The Slates

A distopian Futuristic novel about a world where overpopulation and pollution are critical and the government rule all. Can a small group of Slates, young boys and girls undergoing rigorous state education, discover the true agenda? My first novel of magnitude so be kind :)

N.B. this is a first draft and once the story is complete I am going to revise, edit and complete the book so please ignore any pesky typos, awkward English or minor plot holes. thanks :)


4. Slate Compound 4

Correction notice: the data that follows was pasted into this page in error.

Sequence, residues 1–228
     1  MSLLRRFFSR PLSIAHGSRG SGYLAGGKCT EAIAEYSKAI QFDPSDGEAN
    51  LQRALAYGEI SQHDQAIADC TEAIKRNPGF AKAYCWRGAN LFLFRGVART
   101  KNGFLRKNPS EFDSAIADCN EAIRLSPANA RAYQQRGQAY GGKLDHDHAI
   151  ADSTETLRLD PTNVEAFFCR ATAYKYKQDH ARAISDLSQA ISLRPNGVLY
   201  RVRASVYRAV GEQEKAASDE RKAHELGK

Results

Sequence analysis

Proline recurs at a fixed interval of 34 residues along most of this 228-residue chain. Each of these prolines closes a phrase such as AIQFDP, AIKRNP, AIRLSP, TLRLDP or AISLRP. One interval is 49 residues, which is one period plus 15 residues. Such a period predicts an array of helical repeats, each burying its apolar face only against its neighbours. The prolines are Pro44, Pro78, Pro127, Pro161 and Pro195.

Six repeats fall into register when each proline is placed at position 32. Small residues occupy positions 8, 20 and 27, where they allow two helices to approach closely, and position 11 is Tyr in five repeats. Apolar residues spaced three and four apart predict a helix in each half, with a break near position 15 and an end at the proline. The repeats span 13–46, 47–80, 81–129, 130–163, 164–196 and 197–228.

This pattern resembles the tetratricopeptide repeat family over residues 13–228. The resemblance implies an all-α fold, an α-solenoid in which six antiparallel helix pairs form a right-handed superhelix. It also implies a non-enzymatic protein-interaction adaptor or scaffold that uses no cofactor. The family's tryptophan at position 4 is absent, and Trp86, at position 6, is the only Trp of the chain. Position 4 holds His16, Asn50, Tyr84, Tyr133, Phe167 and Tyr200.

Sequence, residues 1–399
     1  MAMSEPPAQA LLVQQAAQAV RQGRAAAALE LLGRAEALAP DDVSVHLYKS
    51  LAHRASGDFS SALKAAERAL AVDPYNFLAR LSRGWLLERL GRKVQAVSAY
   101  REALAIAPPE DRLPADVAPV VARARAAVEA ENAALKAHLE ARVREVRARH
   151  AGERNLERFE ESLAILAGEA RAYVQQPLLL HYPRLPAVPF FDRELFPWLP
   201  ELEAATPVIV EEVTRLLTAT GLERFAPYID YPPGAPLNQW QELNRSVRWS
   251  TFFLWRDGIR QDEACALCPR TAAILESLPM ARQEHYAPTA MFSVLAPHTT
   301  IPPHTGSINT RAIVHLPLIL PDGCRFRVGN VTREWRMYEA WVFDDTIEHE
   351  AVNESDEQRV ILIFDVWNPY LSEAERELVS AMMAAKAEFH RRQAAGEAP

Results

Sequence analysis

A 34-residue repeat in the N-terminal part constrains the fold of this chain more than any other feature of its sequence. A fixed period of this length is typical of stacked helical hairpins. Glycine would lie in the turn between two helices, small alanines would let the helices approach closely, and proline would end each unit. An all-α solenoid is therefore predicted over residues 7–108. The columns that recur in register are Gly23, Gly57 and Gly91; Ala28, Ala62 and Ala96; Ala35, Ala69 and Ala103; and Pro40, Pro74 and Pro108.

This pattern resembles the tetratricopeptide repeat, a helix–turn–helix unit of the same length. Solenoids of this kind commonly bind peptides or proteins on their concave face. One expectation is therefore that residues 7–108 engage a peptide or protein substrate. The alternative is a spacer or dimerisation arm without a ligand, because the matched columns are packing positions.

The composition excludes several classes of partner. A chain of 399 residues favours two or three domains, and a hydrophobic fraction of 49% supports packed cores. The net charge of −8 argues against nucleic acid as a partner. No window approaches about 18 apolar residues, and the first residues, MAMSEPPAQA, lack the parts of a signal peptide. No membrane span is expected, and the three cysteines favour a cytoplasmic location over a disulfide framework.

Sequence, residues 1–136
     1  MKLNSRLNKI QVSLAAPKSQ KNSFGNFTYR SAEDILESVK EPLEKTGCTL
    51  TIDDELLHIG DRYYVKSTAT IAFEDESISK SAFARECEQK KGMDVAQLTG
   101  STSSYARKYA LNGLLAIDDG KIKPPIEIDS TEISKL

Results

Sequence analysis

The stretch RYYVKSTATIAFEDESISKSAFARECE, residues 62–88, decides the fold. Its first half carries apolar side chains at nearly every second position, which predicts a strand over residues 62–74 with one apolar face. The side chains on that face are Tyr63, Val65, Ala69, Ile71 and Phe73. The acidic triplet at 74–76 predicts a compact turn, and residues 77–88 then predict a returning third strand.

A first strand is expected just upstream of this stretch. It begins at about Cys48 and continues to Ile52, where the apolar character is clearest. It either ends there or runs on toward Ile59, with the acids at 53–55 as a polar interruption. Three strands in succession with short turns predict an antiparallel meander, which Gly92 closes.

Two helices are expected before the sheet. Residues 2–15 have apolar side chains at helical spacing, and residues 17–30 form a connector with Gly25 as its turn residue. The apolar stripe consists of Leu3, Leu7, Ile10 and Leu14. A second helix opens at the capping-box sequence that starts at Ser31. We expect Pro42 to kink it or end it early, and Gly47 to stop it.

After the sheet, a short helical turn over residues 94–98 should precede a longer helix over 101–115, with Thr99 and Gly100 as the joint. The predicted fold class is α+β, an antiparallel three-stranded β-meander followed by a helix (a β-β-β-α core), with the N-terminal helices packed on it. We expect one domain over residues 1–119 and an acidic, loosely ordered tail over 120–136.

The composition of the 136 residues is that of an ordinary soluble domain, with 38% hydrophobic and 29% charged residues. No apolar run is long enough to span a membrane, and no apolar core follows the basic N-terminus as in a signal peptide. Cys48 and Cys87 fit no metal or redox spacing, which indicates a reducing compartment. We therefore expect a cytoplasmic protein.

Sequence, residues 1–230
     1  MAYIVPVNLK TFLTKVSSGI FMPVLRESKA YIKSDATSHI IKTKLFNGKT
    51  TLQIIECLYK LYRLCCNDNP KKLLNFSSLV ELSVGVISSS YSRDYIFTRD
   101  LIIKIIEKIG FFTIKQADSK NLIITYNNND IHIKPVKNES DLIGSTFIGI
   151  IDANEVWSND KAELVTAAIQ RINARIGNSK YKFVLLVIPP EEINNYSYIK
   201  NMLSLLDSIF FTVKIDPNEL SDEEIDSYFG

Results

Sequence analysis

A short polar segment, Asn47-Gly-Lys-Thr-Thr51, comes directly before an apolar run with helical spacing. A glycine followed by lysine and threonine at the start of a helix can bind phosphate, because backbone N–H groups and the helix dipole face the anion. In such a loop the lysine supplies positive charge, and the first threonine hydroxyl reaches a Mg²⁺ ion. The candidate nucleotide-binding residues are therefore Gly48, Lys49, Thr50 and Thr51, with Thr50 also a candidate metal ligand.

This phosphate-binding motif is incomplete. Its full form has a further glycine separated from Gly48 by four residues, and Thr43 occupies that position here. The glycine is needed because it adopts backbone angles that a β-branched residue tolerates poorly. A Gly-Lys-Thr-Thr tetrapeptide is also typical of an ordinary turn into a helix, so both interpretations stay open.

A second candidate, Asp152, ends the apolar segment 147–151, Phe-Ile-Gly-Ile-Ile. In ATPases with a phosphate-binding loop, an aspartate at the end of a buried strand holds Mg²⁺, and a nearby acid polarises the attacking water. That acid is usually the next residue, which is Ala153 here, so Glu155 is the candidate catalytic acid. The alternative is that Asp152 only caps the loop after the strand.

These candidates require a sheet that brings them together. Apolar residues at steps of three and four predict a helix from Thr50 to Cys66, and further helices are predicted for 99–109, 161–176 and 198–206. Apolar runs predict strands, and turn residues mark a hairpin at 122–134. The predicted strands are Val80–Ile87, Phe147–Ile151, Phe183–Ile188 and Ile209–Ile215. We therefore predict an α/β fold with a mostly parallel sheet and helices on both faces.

I’d assumed that the real world would contain a multitude of new sensations and emotions, but those I first experienced were not what I expected. Once I’d stepped up into the space in front of me, a door slid up from the ground and shut me in. A moment of blackness followed, as if I’d closed my eyes, and then a single light bulb flicked to life. I looked at the bulb curiously, as previously all light had simply radiated from the walls, with no obvious point of origin. With this light I looked closer at the space. The walls were rough and coloured with an array of blacks and dirty browns. I spotted on the far wall a faded stamp reading in loud capital letters SLATE TRANSPORT UNIT. I considered the name. It felt military, utilitarian. Like I was cargo needing to get from A to B, preferably without damage. Just as I thought that word, the whole room shook and started to move forward. The noise of the grumbling engine intensified and I very nearly fell over, managing to grab hold of the bench on the left side and lower my bottom onto in. For another half an hour I remained like this, clinging onto the bench and making sure my head didn’t collide with the wall behind or the ceiling above. Finally I felt the vehicle slow to a stop, and the engine quite. For a moment I continued to sit still, just in case we started moving again, but relaxed when I heard the opening and shutting of doors and the muffled voice of two or three men outside. Then the door slid open.